Kalweit A.,TU Darmstadt |
Ivanov M.,Gesellschaft fur Schwerionenforschung mbH
Astroparticle, Particle and Space Physics, Detectors and Medical Physics Applications - Proceedings of the 11th Conference | Year: 2010
In a Time Projection Chamber like the ALICE TPC, the simultaneous measurement of momentum and ionization along the trajectory of a charged particle allows excellent particle identification over a wide momentum range. Real data results from cosmic runs are shown. The latter allow a measurement of the energy loss signal of muons over several orders of magnitude in momentum. The obtained distributions are compared with Bethe-Bloch parameterizations. Influences of the detector calibration, e.g. the gain equalization with radioactive krypton gas, on the dE/dx resolution are discussed. The achieved performance is compared with theoretical expectations and shows that the detector is working according to specifications. © 2010 by World Scientific Publishing Co. Pte. Ltd.
Pangon V.,Gesellschaft fur Schwerionenforschung MbH |
Pangon V.,Goethe University Frankfurt |
Nagy S.,Debrecen University |
Polonyi J.,University of Strasbourg |
Sailer K.,Debrecen University
International Journal of Modern Physics A | Year: 2011
A numerical algorithm is used to solve the bare and the effective potential for the scalar φ4 model in the local potential approximation. An approximate dynamical Maxwell-cut is found which reveals itself in the degeneracy of the action for modes at some scale. This result indicates that the potential develop singular field dependence as far as one can see it by an algorithm of limited numerical accuracy. © 2011 World Scientific Publishing Company.
Rzadkiewicz J.,Andrzej Soltan Institute for Nuclear Studies |
Rzadkiewicz J.,Poland Institute of Plasma Physics and Laser Microfusion |
Gojska A.,Andrzej Soltan Institute for Nuclear Studies |
Rosmej O.,Gesellschaft fur Schwerionenforschung MbH |
And 2 more authors.
Physical Review A - Atomic, Molecular, and Optical Physics | Year: 2010
This article presents a detailed analysis of the Kα x-ray spectra of Si induced by 11.4 MeV/u Ca projectiles penetrating a low-density SiO2 aerogel target measured with high spectral and spatial resolution at the UNILAC accelerator at GSI-Darmstadt. The low-density material used in the experiment was crucial for the space-resolved studies of the Si x-ray radiation (for different energies of stopping Ca ions). The stopping length of the 11 MeV/u Ca ions reaches up to 10 mm in the low-density SiO2 aerogel, whereas in regular quartz solid targets it is about 100 times shorter. The analysis of the x-ray spectra emitted by the stopping medium has shown a high level of the L-shell ionization, especially in the later considered phase (Ep∼5 MeV/u) of the stopping process. It has been further demonstrated that the population of the highly ionized states produced in the ion-atom collisions can be substantially reduced in the time between the collision and the x-ray emission due to the very intense rearrangement processes occurring in Si situated in the chemical environment of oxygen atoms. Moreover, comparison of the experimental values of the Kα L-shell satellite energy shifts with the results of the multiconfiguration Dirac-Fock calculations allows us to find that Si valence electron configuration is enriched due to electron transfer from valence-electron-rich oxygen atoms into highly ionized silicon atoms. Our results indicate that the Coulomb explosion in a highly ionized track core is prevented by rapid neutralization in the femtosecond time scale. © 2010 The American Physical Society.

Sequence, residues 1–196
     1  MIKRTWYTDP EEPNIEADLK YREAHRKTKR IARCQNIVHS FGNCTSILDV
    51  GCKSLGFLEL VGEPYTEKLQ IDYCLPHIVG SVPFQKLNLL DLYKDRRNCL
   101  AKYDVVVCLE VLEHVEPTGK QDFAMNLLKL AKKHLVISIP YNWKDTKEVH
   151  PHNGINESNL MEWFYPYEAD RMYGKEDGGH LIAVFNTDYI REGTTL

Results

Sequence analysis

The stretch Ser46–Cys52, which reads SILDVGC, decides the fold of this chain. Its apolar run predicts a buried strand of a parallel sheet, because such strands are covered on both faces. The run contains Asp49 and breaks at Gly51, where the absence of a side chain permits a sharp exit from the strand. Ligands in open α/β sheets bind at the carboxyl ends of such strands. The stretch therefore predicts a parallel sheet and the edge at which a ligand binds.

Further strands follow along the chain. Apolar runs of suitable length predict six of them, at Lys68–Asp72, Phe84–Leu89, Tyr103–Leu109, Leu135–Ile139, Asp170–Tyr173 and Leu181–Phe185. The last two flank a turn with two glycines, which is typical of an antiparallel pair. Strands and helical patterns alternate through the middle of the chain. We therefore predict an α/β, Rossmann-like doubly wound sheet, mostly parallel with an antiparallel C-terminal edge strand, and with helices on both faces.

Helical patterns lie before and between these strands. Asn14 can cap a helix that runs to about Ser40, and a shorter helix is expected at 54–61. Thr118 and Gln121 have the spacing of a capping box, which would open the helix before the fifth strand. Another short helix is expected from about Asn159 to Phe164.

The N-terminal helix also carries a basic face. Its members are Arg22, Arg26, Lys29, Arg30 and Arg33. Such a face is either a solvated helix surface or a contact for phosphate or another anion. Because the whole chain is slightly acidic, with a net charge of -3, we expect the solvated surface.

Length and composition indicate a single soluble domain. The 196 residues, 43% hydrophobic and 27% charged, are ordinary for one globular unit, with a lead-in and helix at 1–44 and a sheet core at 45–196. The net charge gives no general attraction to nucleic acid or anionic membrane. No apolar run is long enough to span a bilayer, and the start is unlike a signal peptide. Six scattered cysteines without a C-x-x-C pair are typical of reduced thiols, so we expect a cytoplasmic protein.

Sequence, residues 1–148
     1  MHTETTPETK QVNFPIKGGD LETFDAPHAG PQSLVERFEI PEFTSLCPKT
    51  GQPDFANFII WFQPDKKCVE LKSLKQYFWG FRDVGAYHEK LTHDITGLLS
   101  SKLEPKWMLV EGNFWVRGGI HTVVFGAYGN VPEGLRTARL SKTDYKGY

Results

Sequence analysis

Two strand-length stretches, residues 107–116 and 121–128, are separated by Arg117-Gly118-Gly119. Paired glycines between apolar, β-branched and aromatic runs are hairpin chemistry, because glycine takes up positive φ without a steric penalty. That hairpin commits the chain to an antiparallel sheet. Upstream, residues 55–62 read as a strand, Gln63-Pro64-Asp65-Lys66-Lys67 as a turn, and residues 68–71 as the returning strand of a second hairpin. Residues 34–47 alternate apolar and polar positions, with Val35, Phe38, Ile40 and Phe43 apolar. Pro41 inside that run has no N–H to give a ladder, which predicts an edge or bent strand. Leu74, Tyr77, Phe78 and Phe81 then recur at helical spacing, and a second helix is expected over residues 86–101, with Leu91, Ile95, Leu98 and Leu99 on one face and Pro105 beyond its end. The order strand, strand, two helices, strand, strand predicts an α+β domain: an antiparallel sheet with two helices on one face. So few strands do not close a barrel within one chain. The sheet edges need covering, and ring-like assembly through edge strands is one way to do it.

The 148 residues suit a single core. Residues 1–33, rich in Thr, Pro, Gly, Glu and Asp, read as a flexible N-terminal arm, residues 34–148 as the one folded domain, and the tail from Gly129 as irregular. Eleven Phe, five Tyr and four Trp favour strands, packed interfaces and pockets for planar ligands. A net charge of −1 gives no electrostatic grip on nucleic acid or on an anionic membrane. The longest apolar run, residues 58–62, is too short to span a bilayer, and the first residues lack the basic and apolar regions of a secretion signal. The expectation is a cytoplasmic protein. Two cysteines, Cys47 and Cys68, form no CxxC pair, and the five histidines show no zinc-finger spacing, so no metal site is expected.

Levai P.,KFKI Research Institute |
Skokov V.,Gesellschaft fur Schwerionenforschung MbH
Physical Review D - Particles, Fields, Gravitation and Cosmology | Year: 2010
Nonperturbative charm and bottom quark-pair production is investigated in the early stage of heavy-ion collisions. The time-dependent study is based on a kinetic description of fermion-pair production in strong non-Abelian fields. We introduce a time-dependent chromo-electric external field with a pulselike time evolution to simulate the overlap of two colliding heavy ions. The calculations is performed in a SU(2) color model with finite current quark masses. Yields of heavy quark pairs are compared to the ones of light and strange quark pairs. We show that the small inverse duration time of the field pulse determines the efficiency of the quark-pair production. The expected suppression for heavy quark production, as follows from the Schwinger formula for a constant field, is not seen, but rather an enhanced heavy quark production appears at ultrarelativistic energies. © 2010 The American Physical Society.